Pick up a Heritage Walking Tour brochure from the visitor center and then walk pedestrian-friendly Baker Street, the city's main drag, to admire the historic architecture. Follow the Waterfront Pathway that runs the length of the lakeshore to hang out next to BOB ("Big Orange Bridge"), the iconic Nelson Bridge, from the shade of a bench or spot on the beach in Lakeside Park. And when it's time for dinner, head over to All Seasons Café to sit under the maples lit with twinkling lights for an artful meal of seasonal British Columbian eats.
Driving time (Radium Hot Springs to Nelson): 4-4.5 hours (232 miles / 373 km)
Day 5: Explore around Nelson
In spring and summer, there are a host of outdoor activities to experience from kayaking and canoeing deep-blue Kootenay Lake to hiking and mountain biking nearby trails. At the same time, the closeby Selkirk Mountains (and magnificent Kokanee Glacier Provincial Park) in the winter provide conditions for world-class skiing and snowboarding. Meanwhile, as a cosmopolitan city, Nelson boasts more restaurants per capita than San Francisco, blocks of specialty and boutique shops, and access to numerous spas.
Today is yours to spend as you like. To satisfy your breakfast needs, watch the world float by over coffee and baked goods from local favorite, Oso Negro. Then consider paying a mid-morning visit to Touchstones Nelson, a museum of local history and art that features modern displays of First Nations, explorers, miners, and the Doukhobors as well as Nelson's contribution to World War I.
If you're looking to get outdoors, head to the visitors center for up-to-date information on road and hiking trail conditions before venturing into the remote wilderness surrounding Nelson. For some of the best trails, drive into Kokanee Glacier Provincial Park. Here you can hike the two-hour summer-only circuit to Kokanee Lake uphill from Gibson Lake (2.5 miles / 4 km). Driving out the way you came in, and before turning west, you'll find Kokanee Creek Provincial Park, a perfect place to plonk your towel anywhere on the half-mile stretch of sandy beach.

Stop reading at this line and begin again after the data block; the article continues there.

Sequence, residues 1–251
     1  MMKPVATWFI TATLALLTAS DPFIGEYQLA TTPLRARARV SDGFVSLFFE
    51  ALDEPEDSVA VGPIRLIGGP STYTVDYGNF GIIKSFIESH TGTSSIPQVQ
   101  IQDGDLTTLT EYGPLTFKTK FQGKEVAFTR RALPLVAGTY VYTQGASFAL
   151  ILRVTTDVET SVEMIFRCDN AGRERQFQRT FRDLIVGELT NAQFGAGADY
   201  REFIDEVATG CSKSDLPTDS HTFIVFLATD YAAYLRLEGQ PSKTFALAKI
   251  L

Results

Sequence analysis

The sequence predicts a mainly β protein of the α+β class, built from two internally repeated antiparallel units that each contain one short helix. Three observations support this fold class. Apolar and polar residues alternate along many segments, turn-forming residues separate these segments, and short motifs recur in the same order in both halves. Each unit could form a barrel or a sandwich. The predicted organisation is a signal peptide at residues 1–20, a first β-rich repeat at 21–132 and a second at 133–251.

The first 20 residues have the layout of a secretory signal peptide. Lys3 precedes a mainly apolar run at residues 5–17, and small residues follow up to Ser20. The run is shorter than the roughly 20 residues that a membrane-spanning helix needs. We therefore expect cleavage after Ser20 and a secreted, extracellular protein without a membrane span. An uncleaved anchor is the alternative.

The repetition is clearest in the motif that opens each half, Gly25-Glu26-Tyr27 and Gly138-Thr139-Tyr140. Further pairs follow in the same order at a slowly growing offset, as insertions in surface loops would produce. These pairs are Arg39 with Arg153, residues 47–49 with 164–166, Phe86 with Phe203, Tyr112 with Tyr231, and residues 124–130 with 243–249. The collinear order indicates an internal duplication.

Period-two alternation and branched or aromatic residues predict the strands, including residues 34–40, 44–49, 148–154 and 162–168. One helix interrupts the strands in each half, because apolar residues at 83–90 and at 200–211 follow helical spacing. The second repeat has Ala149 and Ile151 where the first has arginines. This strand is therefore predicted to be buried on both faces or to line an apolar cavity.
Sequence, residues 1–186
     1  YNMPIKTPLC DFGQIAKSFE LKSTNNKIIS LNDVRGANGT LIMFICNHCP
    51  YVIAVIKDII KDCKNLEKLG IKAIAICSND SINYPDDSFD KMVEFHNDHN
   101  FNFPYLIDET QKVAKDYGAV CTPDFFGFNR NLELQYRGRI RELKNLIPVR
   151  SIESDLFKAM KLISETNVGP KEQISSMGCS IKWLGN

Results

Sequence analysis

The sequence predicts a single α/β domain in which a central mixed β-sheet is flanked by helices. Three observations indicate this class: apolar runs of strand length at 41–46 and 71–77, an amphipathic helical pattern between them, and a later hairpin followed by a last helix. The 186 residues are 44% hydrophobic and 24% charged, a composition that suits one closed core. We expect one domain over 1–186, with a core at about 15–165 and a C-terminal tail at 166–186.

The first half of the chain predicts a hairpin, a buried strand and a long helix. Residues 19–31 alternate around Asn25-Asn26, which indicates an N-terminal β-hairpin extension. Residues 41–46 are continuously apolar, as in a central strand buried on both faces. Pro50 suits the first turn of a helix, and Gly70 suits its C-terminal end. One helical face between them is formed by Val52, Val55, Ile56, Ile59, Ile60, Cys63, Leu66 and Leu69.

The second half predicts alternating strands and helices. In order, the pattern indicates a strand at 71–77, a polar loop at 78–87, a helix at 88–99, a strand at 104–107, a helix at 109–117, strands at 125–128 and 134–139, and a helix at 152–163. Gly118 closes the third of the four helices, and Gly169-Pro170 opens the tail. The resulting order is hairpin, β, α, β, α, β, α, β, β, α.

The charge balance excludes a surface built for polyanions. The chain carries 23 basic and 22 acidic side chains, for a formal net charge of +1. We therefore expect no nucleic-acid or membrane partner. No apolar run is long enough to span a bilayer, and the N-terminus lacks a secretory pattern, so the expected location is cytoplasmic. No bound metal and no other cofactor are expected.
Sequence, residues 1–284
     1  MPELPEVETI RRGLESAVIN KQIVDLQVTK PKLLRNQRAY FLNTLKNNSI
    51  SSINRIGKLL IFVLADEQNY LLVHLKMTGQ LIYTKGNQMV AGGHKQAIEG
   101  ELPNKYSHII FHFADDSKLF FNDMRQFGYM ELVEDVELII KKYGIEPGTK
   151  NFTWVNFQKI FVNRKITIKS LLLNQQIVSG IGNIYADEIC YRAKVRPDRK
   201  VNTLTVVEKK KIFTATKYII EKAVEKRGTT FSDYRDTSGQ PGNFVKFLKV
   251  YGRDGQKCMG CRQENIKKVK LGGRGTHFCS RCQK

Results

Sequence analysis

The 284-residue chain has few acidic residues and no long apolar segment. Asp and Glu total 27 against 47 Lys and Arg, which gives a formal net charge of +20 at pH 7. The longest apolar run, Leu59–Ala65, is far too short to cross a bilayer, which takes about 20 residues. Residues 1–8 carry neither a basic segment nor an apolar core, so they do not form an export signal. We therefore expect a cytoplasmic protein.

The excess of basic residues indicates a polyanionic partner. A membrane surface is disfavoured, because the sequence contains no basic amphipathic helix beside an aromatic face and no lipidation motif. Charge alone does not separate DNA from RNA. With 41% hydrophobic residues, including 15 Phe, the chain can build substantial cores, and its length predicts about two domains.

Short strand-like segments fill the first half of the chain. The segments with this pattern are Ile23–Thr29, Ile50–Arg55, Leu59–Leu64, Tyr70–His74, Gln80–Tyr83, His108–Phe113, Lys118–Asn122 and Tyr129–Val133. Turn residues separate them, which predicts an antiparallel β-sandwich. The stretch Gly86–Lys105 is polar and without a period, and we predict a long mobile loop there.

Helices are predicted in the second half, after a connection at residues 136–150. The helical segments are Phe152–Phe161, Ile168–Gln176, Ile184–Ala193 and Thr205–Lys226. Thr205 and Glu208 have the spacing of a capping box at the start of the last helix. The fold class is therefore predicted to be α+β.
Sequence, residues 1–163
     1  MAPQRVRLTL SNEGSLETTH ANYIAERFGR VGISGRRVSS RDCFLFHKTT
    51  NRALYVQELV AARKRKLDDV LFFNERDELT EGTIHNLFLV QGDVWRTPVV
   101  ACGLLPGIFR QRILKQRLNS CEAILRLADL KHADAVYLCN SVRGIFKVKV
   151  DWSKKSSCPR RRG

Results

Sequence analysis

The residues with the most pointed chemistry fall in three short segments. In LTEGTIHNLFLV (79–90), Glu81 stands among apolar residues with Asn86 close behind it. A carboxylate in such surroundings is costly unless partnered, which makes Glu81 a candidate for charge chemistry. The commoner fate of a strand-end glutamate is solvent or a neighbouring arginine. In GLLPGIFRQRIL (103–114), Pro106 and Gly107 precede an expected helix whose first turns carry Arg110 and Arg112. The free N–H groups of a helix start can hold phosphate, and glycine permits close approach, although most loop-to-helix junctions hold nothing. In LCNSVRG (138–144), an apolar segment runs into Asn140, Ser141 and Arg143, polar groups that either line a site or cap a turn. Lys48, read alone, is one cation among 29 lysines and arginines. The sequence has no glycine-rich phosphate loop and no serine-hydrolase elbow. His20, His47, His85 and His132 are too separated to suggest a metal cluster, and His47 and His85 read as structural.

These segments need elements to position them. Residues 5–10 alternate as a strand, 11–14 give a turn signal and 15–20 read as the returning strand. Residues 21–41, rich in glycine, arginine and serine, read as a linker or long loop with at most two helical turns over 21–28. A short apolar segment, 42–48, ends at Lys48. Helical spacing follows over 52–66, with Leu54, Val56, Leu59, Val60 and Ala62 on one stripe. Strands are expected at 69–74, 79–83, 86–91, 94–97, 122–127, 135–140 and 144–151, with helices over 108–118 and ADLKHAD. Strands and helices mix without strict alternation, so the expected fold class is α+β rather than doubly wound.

Come the evening, make your way to the Hume Hotel to listen to live jazz from your cozy candlelit spot in the elegant Library Lounge after dining on "Viet-Modern" cuisine at Yum Son or wood-fired pizzas at Marzano's.
Day 6: Nelson to Osoyoos (3 hours)
Wind your way through the West Kootenays this morning, navigating the undulating Highway 3 toward the South Okanagan. Stop in at the Doukhobor Discovery Center in Castlegar to discover the Doukhobor legacy, Russian pacifists who emigrated to the Kootenays in the early 1900s. Before leaving, head over to the Brilliant Suspension Bridge, a National Historic Site and one built at the hands of the Doukhobor community.
Stop in Greenwood, Canada's smallest city. Savor tasty butter tarts from Copper Eagle Cappuccino & Bakery as you complete a short (self-guided) walking tour of the town's historic structures, including a saloon established in 1899. (You can pick up a free guide from the Greenwood Museum and Visitor Center.)
Resting at the arid southern end of the Okanagan Valley along the Canada-US border sits Osoyoos, a small town on a narrow spit of land ringed by the beaches of Osoyoos Lake, as well as the orchards, farms, and vineyards it irrigates. If you arrive early enough, venture a short distance north to sip wines from the Black Sage Bench, renowned for its premium Bordeaux-style grapes. Check out two notable wineries, Stoneboat Vineyards, and Burrowing Owl Estate Winery, where you can reserve a table for an exceptional dinner at The Sonora Room.